* people may reason better when a diverse set of views is represented across the population of intellectual contestants (Zamzow and Nichols 2009: 377-9). In addition to the aggregate benefits of such “checks and.balances,” the agonistic character of intellectual discourse in a diverse population of motivated reasoners may provoke individual contestants to reason more compellingly (if not more impartially) while they advocate for their views. As you strive for fame and fortune, you’re motivated to maintain your own theory and repudiate opposing theories, so you’re likely pretty good at producing support for your view and objections to your opponent’s.

* Specifically moral reasoning is also socially embedded. The idea is not that solitary individuals are somehow bereft of moral views; it’s that people are most likely to reason about those views when justifying themselves to others.

* In the early days of American desegregation, it was hoped that putting African American and white children in the same place would effect increased racial harmony. After all, one of the staple results in social psychology is that familiarity facilitates attraction (e.g. Grush 1976; Matlin 1970; Zajonc 1968). What happened instead was the formation of ethnic in-groups, which eventuated in in-group/out-group conflict…

* Group interactions are likely to be emotionally freighted, in ways both dramatic and mundane, and many familiar emotions like anger, guilt, and sympathy are characteristically triggered by social cues: it’s the tone of your colleague debasing a peer that makes you angry, it’s your friend’s stunned look that makes you feel guilty for slighting him, and it’s the tears running down a child’s face that triggers your sympathy. While such processes may follow conscious pathways, they needn’t. A celebrated example is “emotional contagion,” where people unconsciously mirror the affective states of those around them (Hatfield et al 1994): your good spirits may give me a lift without my realizing it, and my foul mood may have the opposite effect on you.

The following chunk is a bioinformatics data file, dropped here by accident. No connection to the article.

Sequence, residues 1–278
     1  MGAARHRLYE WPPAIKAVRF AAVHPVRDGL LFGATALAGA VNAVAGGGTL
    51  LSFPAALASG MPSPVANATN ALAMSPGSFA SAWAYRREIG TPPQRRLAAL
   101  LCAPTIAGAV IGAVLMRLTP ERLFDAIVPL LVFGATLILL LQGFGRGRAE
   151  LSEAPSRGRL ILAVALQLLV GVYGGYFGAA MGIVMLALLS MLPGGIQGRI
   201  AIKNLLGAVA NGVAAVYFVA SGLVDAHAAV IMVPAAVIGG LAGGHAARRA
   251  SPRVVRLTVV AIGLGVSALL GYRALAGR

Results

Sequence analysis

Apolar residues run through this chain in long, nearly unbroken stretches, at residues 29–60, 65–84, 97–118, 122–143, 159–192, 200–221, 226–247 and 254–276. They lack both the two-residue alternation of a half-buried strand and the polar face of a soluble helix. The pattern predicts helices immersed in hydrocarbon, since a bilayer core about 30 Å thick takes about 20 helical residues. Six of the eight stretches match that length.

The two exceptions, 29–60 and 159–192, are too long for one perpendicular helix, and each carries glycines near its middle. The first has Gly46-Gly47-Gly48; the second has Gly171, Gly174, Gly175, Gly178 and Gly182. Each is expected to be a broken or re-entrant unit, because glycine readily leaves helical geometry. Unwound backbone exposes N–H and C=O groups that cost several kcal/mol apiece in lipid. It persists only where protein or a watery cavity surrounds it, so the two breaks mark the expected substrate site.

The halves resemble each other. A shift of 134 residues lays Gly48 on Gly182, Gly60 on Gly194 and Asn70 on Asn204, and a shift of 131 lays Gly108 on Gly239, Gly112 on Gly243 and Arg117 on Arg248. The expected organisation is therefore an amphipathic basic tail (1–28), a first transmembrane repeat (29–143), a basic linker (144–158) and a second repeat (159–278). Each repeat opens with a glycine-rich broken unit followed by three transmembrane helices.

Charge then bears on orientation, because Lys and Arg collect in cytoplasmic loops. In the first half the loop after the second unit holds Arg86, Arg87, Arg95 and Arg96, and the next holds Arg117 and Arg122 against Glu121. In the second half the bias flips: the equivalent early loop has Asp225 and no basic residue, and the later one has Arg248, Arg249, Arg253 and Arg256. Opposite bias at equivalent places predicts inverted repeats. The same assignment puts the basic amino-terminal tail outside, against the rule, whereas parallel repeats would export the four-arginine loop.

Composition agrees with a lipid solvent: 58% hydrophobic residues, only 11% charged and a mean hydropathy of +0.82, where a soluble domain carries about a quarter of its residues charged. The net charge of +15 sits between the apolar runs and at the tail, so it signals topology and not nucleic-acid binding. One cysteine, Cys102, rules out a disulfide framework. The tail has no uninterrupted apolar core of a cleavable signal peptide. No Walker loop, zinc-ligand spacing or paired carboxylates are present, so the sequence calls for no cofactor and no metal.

* moral emotions like sympathy and guilt tend to improve moral behavior, and the moral emotions are emotions that are especially likely to be triggered in a social context.

* people seek out psychotherapy in hopes of making their lives go better, so this active process has a more agential appearance than the capitulations just described. Of course, people often enter therapy in response to something like duress: a stalled career, a strife-torn marriage, or stacks of unpaid bills. But these incentives are not obviously inimical to agency. On the contrary, people trying to change their lives for the better is an excellent place to look for agency. Psychotherapy can help effect this change. Numerous outcome studies, using both clinician assessment and client self-report, indicate that talk therapy works; it can ameliorate various adverse psychological conditions, such as depression and anxiety…

* One clinical study evaluated a short course of cognitive therapy designed to help patients increase their awareness of emotions, modify dysfunctional beliefs, and enhance communication; twelve months after initiation of treatment, the severity of patients’ symptoms, compared to controls, was rated as significantly reduced by independent evaluators and by the patients themselves, and average health care expenditures were reduced by more than a third…